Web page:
Thursday, 29 December 2011

Australian government is 'overstating renewables costs'
22 Dec 2011

The Australian government's draft energy white paper overestimates both the current and future cost of major renewables technologies, claims a new study.

Using data gathered from local and international wind turbine and solar module buyers and sellers, Bloomberg New Energy Finance (BNEF) claims the official figures overstate the costs of solar power by up to a factor of three and wind power by 50%. The government's errors provide a "distorted view" of the contribution from individual technologies, says lead clean energy analyst Kobad Bhavnagri, author of the study. For example, BNEF estimates the capital costs of large-scale solar PV to have averaged $2.7m/ MW in 2011, and to be declining rapidly as a result of manufacturing economies of scale and technological innovation.

Adjusting for foreign exchange rates and the cost of labour in Australia, this translates to A$2.9m/ MW in the local market in 2011-up to about three times lower than the figures in the white paper, which was released last week. The main reason claimed for the discrepancy is that solar PV prices have been falling consistently for a number of years, and by some 34% since 2009. Using data points that are even a year out-of-date can result in cost assumptions that are too high. "Remarkably, it seems large-scale PV was not considered as a generation option in some white paper scenarios, despite the fact it is already widely used across the world with 11 GW in total installed capacity", adds Bhavnagri.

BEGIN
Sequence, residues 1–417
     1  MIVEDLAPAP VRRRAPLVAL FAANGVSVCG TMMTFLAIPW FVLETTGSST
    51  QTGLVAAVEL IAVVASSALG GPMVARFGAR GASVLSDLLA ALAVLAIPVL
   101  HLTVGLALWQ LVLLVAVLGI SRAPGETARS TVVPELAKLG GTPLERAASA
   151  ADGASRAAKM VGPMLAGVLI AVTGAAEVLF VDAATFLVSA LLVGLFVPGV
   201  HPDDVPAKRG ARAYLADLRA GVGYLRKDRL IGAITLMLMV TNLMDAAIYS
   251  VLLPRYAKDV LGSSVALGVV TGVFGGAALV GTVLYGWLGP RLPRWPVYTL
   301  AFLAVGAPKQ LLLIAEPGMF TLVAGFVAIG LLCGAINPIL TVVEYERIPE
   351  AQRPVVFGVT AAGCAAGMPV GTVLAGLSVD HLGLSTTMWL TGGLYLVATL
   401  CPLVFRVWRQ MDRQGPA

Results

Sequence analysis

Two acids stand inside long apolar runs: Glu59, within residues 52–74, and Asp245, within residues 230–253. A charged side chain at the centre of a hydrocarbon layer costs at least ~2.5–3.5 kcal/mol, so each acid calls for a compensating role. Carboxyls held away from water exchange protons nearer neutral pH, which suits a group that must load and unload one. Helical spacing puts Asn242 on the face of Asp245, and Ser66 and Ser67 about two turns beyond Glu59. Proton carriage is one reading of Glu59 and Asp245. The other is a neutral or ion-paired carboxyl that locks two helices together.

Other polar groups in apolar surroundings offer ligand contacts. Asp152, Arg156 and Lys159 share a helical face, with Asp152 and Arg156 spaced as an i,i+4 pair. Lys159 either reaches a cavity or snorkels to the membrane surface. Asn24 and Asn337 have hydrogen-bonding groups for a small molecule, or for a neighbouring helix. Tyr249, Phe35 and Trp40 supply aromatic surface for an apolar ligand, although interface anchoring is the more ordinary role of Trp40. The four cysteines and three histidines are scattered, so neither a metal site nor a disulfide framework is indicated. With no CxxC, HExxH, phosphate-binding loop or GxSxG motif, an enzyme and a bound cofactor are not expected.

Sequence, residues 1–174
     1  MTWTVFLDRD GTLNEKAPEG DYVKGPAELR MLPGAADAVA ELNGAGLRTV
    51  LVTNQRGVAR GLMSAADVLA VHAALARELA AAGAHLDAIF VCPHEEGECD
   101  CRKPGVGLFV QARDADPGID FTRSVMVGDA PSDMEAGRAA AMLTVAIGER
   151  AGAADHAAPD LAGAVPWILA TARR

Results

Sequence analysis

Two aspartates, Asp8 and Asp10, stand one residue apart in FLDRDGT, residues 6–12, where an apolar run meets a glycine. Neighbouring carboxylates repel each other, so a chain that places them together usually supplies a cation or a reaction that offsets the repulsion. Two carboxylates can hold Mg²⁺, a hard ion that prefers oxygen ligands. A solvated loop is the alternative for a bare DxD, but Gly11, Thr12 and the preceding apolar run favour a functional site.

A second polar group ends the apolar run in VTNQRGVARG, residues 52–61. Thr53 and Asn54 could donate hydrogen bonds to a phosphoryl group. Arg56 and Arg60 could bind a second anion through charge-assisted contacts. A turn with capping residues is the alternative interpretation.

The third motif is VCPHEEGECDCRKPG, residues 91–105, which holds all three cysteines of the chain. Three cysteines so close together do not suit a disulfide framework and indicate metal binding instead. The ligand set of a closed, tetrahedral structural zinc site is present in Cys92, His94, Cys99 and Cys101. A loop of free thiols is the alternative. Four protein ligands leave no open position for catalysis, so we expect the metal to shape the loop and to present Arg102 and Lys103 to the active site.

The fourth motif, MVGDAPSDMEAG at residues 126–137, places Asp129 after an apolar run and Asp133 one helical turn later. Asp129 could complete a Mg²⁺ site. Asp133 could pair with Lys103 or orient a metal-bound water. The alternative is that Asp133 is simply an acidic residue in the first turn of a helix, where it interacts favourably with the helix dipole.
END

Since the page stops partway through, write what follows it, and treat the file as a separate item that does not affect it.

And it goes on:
BNEF's study also suggests that the government modelling may not have taken into account the effects of increasing wind turbine efficiency. "Our expectation is that wind will be one of the least-cost generation options from 2030-50 and that wind power's share of generation will be higher than the white paper projections", BNEF says. A spokesperson for the Australian department of energy would not comment on the veracity of data contained in the white paper.

However, a government source says the draft has been released for "consultation and to encourage discussion", and does not determine Australia's energy policy. "Australia is a market economy, and ultimately it will be the interaction of the energy, carbon and Renewable Energy Certificate markets that will determine the composition of our electricity generation mix. The government does not prescribe specific technology outcomes", the source adds.

In the white paper-open for public consultation until March-the government says it wants to accelerate cleaner energy technologies through market-based mechanisms. But Australian Solar Energy Society chief executive John Grimes has accused it of "seriously underplaying" the importance of solar. Australia risks missing the international boom in small-scale solar, the industry claims, noting that China thinks PV will be as cheap as coal by 2021. In contrast, Australia's draft white paper predicts small-scale PV will cease to grow after 2030.